Look for a new OS and an upgrade to FM13. Windows XP is now 13 years old. Peer-to-peer was never meant to be "server lite", so FMP/FMPA11 are not optimized to run unattended, nor should they be.
But if you want to try and band-aid it, try writing some automated tasks to reboot your system once a week, and auto-launch the database when it comes back up.
You're already risking major corruption by killing the process, and by hosting peer-to-peer as a server without regular backups (note, if you are backing up the file when it's in use, you may also be corrupting it that way).
Basic filemaker hosting is relatively cheap (~$30/month), that might be a good option for this office. FM11 hosting still exists, so you wouldn't even have to upgrade.
As for potential causes, make sure the "disconnect from server when idle" box is checked in the privilege set the accounts are on, failure to do so can cause "ghost" sessions when things like DHCP IP address changes occur.
The last time I set up peer-to-peer for a small office was back in FM5 days, and I set up their host OS to shut down in the middle of the night and reboot an hour later with the FMP files set to open on reboot. That kept ghost sessions from being an issue when users failed to quit the program properly, or related files stayed open in the background.
I discourage peer-to-peer in general. Is the cost of FMServer really so much more than their data is worth to them? P2P will eventually lead to corrupt data...maybe not in 100% of the cases, but certainly in way too many to justify the risk. Why FMI still supports P2P when FMS is dirt cheap for developer testing is beyond me.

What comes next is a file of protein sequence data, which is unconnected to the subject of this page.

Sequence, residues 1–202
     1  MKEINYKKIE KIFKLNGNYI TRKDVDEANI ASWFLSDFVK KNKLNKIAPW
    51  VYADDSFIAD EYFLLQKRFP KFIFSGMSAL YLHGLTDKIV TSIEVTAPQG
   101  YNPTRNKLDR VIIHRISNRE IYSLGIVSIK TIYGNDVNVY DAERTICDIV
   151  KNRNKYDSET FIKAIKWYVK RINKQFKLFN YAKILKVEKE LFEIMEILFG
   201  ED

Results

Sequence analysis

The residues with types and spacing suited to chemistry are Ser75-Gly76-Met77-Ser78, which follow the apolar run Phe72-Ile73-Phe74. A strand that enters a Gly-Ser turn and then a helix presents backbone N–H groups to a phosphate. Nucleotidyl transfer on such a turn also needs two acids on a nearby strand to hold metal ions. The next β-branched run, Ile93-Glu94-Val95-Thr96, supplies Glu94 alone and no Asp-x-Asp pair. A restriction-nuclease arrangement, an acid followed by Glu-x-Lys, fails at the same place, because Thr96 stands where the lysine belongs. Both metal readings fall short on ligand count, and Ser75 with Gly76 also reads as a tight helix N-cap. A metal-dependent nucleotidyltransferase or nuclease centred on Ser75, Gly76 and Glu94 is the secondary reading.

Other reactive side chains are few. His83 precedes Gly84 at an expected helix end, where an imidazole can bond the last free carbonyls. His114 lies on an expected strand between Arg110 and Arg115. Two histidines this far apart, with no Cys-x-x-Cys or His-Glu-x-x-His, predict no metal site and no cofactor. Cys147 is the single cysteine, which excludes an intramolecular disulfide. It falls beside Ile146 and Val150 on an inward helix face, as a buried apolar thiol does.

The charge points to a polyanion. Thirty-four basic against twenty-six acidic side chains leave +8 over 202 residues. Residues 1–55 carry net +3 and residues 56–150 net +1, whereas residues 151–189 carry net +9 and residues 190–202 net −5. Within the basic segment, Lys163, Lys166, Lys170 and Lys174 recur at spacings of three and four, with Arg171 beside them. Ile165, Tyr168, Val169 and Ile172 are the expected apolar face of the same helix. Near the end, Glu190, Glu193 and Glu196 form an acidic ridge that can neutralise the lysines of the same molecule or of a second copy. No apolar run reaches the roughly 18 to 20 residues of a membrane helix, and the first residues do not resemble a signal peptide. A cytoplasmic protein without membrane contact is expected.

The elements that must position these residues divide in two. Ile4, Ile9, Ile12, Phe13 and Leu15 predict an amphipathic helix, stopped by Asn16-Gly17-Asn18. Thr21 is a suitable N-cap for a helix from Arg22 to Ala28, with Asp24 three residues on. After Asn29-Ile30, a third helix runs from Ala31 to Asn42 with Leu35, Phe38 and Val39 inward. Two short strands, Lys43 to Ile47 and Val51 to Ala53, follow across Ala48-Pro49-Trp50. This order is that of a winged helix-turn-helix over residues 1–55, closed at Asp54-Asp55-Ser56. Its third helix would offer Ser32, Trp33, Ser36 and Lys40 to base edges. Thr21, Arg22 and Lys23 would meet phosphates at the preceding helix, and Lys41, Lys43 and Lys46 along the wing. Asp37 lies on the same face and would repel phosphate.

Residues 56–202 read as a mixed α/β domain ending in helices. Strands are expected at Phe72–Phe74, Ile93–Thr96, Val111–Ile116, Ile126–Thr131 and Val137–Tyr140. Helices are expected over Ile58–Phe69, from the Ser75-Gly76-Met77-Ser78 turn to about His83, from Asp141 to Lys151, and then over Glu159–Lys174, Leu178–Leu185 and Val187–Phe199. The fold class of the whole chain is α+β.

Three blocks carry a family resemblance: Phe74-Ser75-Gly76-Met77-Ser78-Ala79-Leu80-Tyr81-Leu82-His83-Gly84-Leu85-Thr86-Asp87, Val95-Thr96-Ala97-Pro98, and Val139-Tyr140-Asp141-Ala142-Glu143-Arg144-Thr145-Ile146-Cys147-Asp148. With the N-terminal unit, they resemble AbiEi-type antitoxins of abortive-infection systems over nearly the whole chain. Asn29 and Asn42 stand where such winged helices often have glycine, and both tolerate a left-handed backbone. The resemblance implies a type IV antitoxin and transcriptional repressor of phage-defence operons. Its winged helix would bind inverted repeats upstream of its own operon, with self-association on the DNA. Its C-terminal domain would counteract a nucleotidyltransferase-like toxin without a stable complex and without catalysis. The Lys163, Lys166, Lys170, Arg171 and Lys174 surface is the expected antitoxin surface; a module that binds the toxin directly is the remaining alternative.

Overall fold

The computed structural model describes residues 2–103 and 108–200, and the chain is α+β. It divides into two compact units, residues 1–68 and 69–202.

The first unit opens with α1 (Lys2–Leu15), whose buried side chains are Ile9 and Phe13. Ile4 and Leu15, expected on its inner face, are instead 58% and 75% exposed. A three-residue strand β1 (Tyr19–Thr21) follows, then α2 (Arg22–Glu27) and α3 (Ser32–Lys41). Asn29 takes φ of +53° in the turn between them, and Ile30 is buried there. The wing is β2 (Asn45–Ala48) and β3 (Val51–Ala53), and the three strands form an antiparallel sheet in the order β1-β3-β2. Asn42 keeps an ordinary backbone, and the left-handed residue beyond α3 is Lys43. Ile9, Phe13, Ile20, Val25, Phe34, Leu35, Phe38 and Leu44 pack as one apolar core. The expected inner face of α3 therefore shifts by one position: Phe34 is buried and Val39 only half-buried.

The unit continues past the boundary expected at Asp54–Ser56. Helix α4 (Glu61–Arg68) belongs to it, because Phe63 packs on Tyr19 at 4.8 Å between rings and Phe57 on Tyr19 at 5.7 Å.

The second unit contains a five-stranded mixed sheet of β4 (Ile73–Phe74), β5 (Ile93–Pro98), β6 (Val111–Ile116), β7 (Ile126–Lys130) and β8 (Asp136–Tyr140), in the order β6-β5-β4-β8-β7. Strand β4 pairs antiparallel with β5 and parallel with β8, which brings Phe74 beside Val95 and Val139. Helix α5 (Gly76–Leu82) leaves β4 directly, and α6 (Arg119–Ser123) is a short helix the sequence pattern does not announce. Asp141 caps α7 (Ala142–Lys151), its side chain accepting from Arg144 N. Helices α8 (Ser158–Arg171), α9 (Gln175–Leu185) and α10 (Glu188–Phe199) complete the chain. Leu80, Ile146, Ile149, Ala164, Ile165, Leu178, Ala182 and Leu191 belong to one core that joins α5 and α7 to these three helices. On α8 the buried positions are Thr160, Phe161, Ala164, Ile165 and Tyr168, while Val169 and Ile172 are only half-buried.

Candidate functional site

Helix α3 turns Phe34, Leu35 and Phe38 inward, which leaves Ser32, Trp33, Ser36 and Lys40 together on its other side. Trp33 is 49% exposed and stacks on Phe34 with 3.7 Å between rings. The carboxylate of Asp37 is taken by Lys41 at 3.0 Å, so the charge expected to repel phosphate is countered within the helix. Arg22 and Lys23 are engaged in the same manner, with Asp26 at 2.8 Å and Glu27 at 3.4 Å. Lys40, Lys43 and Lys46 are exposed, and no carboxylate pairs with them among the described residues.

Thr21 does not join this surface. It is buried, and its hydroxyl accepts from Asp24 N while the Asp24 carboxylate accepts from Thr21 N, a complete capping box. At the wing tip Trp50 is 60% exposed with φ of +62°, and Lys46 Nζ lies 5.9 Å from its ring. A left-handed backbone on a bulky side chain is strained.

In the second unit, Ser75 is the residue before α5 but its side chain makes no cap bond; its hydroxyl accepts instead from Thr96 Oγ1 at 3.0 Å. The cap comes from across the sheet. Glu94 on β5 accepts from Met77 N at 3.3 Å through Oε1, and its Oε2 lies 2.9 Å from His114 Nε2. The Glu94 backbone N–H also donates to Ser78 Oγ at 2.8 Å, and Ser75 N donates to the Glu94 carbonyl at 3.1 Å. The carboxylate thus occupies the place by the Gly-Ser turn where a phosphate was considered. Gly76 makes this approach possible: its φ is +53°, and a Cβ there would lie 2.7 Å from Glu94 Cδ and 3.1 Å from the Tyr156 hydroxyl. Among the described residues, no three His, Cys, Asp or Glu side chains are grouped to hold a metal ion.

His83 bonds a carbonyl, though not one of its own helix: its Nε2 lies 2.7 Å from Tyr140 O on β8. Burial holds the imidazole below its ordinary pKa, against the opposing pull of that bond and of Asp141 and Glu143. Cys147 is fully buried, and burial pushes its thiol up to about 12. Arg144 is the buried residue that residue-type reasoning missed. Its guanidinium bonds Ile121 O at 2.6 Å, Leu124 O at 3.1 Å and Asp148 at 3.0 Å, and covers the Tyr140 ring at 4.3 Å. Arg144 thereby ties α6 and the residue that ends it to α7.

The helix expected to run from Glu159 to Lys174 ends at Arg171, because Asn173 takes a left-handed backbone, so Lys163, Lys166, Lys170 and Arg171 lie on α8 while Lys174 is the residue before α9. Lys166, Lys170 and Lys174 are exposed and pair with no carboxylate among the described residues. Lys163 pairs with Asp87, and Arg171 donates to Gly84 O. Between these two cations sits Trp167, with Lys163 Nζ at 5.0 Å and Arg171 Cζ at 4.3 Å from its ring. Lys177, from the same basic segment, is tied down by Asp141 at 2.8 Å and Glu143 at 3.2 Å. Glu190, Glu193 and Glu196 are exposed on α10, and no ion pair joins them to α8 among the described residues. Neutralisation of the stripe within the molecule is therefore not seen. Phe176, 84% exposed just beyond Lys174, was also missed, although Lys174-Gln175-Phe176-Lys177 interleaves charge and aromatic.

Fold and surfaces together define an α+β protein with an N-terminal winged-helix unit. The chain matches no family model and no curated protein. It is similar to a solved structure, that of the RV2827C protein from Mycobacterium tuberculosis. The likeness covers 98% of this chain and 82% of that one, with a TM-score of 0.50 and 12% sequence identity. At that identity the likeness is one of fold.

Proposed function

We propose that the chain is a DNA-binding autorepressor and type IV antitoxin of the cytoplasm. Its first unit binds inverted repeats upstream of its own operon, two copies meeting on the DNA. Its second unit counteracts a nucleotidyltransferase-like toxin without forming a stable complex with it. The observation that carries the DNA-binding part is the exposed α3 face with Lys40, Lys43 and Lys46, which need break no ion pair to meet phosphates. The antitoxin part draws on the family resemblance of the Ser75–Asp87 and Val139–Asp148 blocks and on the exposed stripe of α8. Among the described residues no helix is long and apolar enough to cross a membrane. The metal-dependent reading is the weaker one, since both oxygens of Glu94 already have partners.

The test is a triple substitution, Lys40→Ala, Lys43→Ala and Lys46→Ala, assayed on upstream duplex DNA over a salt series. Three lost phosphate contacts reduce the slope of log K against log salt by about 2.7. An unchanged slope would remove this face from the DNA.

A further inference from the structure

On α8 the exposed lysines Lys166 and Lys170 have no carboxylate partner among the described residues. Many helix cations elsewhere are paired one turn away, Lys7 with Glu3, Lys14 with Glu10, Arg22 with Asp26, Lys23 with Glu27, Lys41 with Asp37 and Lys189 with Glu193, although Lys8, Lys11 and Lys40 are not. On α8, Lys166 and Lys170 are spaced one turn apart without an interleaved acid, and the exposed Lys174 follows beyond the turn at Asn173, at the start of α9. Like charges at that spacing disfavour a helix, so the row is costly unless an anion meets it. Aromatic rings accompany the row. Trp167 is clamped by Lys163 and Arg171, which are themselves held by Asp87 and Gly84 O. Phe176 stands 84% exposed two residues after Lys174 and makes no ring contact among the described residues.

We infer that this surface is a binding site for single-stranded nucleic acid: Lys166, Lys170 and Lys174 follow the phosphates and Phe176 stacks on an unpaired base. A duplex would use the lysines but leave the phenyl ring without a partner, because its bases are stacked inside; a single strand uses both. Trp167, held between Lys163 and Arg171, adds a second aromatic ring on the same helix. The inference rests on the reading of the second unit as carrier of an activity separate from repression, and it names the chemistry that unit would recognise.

There is no good reason for this, even on Windows XP
Note: you can end up with "ghost" clients even on FileMaker Server
Restart is the only "fix", so it is unfortunate that the host locked up
Be sure to backup often
Just out of curiosity, run a Recover on the file, and check the log for any items "changed"
Thanks Stephen and Everybody for their comments.This company has used the peer-to-peer solution over years and is not willing to invest into the FM Server. At least I can set up a re-boot routine, so thanks again for your comments!
I would certainly make them sign something in writing that makes them accept the risks they are taking. When it does go bad, it could get ugly, and you'll want to protect yourself.
"Proactive, not reactive" is a good motto to have.